During the seasons of my life, I’ve done most of the above. My parents often hosted friends and/or family for a feast after a worship service. Other years we were guests in another home. (Bring a side dish — hostess prepared the main course.) I’ve watched football games either before or after the feast. The walk in the park (or through the neighborhood) works off a few calories to make room for a second round of dessert.)

This year? Well, in recent years I’ve obtained videos and binge-watched mini-series or television shows. This does not mean I omit the feast. And working on a shopping list for early the next week is a necessary task. And give thanks for the many blessings — my home, the food in the cupboard, transportation in the parking spot, family scattered across the country, and a spot of color from a holiday plant.

My “Holiday Cactus” blooms on its own schedule.

 

Priceless Work

Times were difficult and jobs were scarce.  Owners of farms and homes became renters when bank payments fell behind.  The country, the entire world, was in the middle of a difficult transition.

Young men moved to the city — seeking work. Some ended up in bread lines, sleeping in hobo jungles, or drifting from one place to another.

The lucky ones found a government job — especially the Civilian Conservation Corps.

The work was difficult – pick and shovel, bucket and wheelbarrow — as they cleared roads and build bridges and shelters and retaining walls on public land. They built to last. They learned discipline and teamwork along with new skills. A few years later, many of these young men would use these skills as they fought to preserve our freedom.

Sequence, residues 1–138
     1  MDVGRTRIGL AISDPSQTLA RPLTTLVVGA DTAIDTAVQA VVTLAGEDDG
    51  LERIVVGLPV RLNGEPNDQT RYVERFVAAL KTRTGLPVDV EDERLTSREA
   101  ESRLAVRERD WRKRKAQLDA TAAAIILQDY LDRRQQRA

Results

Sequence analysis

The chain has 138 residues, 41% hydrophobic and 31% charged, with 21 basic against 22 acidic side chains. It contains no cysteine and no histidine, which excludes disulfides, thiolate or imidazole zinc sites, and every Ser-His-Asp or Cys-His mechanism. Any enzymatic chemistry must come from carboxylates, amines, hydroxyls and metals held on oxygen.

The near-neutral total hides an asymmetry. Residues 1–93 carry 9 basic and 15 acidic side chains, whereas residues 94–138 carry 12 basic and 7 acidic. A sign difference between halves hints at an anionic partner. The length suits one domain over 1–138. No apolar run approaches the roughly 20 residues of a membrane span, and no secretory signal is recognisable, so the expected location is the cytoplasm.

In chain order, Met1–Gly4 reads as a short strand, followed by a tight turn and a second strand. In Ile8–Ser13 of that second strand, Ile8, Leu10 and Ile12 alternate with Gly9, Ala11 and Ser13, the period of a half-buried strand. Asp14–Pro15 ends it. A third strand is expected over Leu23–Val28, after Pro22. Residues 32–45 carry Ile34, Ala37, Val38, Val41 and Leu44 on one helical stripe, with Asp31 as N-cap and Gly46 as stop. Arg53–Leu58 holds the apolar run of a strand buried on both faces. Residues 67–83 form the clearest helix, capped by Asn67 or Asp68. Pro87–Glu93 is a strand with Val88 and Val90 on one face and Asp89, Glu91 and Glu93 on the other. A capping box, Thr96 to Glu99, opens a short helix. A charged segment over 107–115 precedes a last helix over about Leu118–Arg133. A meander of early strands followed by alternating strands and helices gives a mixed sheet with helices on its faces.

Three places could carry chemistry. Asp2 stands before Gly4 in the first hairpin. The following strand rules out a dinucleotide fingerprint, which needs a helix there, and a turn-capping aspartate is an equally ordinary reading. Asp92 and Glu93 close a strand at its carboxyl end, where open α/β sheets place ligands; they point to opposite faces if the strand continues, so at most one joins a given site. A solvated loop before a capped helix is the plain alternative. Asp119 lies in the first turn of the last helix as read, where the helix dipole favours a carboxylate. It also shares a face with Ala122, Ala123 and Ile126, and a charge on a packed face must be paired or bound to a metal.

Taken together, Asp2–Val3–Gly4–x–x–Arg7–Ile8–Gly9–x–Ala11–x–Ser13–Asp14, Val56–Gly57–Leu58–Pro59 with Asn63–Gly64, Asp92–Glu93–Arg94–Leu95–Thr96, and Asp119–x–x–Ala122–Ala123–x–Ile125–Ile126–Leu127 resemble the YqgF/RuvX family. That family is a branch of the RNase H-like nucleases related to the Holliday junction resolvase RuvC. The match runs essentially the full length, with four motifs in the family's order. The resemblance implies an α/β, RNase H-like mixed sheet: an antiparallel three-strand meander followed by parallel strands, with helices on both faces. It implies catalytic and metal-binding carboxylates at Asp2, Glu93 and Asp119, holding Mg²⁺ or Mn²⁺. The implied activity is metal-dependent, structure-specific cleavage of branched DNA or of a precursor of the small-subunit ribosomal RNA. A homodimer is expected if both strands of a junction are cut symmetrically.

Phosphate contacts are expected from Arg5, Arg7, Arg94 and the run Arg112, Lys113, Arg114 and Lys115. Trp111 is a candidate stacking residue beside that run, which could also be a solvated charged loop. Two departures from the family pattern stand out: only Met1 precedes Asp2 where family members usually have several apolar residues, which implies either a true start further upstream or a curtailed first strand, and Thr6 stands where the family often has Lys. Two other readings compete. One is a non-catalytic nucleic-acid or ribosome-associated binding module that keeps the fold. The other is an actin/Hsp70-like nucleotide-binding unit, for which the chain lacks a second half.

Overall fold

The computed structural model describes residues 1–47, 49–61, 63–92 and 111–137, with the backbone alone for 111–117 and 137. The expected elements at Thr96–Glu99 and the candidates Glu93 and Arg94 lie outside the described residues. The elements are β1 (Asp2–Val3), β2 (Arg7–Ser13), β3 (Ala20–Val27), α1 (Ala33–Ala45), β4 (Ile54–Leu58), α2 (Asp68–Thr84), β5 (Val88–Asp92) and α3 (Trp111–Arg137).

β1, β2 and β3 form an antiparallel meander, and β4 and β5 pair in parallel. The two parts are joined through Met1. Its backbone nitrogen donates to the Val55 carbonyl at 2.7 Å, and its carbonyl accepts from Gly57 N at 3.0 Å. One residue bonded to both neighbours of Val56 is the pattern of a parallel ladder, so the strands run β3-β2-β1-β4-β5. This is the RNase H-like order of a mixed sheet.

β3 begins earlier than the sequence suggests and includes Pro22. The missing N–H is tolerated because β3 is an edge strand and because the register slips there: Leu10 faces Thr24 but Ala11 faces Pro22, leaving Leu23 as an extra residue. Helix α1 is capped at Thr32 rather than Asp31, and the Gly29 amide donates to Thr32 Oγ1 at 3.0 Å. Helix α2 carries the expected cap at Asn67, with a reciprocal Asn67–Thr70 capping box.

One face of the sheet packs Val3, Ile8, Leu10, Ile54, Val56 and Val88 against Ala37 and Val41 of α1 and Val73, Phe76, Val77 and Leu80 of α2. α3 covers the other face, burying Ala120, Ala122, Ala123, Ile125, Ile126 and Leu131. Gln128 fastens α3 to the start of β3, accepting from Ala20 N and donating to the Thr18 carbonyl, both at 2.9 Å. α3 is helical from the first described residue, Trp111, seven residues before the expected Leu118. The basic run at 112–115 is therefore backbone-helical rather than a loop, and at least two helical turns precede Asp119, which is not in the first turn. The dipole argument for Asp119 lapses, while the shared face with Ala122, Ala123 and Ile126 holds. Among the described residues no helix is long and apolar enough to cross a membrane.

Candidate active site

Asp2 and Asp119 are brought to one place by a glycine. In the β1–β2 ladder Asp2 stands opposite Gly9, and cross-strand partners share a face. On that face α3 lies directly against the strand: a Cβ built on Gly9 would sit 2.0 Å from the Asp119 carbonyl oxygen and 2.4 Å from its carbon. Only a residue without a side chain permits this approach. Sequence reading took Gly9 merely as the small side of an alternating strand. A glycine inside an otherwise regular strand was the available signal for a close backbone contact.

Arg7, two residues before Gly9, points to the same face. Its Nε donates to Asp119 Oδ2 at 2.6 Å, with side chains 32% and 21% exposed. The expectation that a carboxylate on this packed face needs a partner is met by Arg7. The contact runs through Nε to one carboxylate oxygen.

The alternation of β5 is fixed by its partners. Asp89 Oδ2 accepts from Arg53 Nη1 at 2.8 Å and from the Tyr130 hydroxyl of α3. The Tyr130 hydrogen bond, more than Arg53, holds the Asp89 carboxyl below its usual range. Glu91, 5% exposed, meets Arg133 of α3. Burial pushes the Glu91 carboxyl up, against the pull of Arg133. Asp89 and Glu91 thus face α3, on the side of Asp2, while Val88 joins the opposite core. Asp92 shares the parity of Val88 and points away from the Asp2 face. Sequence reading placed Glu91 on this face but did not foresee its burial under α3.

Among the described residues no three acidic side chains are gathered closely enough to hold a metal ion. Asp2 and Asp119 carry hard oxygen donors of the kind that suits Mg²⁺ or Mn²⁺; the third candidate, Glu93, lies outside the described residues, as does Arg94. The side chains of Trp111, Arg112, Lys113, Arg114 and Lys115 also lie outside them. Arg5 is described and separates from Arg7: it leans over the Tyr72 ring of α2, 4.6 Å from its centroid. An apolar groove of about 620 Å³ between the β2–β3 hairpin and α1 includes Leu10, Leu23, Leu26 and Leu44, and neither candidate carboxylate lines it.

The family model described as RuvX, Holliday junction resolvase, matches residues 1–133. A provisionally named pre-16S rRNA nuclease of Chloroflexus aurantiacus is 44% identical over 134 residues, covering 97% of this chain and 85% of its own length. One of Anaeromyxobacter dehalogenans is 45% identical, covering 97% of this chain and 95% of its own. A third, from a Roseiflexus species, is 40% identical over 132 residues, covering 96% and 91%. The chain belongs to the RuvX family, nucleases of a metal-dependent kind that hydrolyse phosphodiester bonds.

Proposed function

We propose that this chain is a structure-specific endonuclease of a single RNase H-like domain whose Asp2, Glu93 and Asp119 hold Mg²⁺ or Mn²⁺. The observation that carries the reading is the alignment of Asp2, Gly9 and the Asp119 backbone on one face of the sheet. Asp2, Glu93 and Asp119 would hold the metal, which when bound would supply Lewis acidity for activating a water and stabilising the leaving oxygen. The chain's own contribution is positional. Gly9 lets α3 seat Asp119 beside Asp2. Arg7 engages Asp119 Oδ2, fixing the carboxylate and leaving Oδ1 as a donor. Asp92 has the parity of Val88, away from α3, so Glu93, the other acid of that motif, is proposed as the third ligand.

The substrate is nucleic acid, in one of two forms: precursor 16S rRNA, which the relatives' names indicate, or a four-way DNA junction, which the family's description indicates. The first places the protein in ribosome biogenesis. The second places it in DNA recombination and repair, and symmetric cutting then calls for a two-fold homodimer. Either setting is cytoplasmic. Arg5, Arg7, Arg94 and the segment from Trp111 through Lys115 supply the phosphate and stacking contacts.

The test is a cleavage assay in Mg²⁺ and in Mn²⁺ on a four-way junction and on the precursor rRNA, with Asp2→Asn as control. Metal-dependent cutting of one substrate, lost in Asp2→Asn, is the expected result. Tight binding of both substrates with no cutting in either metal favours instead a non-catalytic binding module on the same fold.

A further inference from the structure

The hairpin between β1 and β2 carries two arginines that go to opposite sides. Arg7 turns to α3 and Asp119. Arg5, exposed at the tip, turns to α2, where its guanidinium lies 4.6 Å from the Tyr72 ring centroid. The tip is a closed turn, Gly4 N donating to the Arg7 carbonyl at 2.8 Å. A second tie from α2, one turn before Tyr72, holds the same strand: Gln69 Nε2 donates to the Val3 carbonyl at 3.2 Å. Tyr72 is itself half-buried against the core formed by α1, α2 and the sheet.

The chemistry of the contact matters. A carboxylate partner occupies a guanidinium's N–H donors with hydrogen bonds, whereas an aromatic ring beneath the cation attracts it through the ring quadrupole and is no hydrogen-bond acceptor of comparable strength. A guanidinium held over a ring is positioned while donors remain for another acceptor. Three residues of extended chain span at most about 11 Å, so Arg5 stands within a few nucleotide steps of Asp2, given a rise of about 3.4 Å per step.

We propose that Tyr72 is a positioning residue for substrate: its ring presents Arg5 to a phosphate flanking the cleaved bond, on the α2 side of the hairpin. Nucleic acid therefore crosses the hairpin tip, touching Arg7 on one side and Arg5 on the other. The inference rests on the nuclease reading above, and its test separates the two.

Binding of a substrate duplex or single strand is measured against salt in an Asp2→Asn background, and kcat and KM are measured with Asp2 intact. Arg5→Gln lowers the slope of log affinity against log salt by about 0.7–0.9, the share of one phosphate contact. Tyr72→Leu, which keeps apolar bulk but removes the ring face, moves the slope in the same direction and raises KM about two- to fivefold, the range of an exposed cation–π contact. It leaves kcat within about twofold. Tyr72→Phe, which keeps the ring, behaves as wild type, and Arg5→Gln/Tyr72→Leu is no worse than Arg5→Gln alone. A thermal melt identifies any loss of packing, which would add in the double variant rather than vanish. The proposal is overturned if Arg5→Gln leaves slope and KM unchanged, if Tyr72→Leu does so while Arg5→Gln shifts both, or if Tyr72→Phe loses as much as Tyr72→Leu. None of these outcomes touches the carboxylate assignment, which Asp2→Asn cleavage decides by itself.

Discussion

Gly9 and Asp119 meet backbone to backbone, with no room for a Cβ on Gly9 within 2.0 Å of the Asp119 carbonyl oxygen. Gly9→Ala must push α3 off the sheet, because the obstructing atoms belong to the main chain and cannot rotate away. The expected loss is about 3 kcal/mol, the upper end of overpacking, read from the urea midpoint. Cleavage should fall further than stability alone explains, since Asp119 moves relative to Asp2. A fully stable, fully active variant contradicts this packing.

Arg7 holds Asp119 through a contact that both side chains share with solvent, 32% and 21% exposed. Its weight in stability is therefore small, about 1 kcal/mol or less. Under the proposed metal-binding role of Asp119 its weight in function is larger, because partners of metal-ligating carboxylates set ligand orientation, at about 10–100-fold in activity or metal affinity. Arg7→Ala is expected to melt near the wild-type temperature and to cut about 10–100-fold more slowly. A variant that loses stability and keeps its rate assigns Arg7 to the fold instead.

Honoring the CCC worker at Babler State Park near St. Louis, MO

You will see their work in many state and national parks in the bridges, roads, trails, and stone buildings.

Greeters

They never miss a day. Every visitor who enters the St. Louis Zoo via the south entrance catches at least a glimpse of them. Many stop to admire, snap a photo, or designate as a meeting place.

Welcome. See how sleek we are. Want to see our living, breathing, swimming, playful relatives? We’re on the map. We love to put on a seasonal show. Prepare to be splashed.

Live or sculpture — in or out of water — seal or sea lion — these greeters take their job as good-will ambassadors seriously.

Colorful View

Vibrant colors in motion.

What does the above phrase bring to mind?

Flowers swaying in the breeze? Clothes drying on the line? Sports teams moving on the field?

Today I ask you to think slower motion — and a wetter environment.

This charming, relaxing view is brought to you via the Georgia Aquarium.

A window to a “change of pace” world. This was one of the exhibits I enjoyed early in the day. It’s easy to lose track of time. Pick a fish — follow them as they dip and dive among their tank mates. Marvel at the variety. And let your stress level drift toward the bottom of the container.

By the Sea

Sometimes all it takes is a clever paint job to make an ordinary object extraordinary.

Fire hydrants in the hands of an artist look like dogs, cartoon characters, or patriotic figures.

Electrical transformers and switch boxes can sport scenes as humorous as a giant light switch or as inspirational as wide mountain vistas.

My most recent vacation took me near the sea. And I thought this character — and his four friends along the boardwalk — were charming.

Oscar? Or Octavia?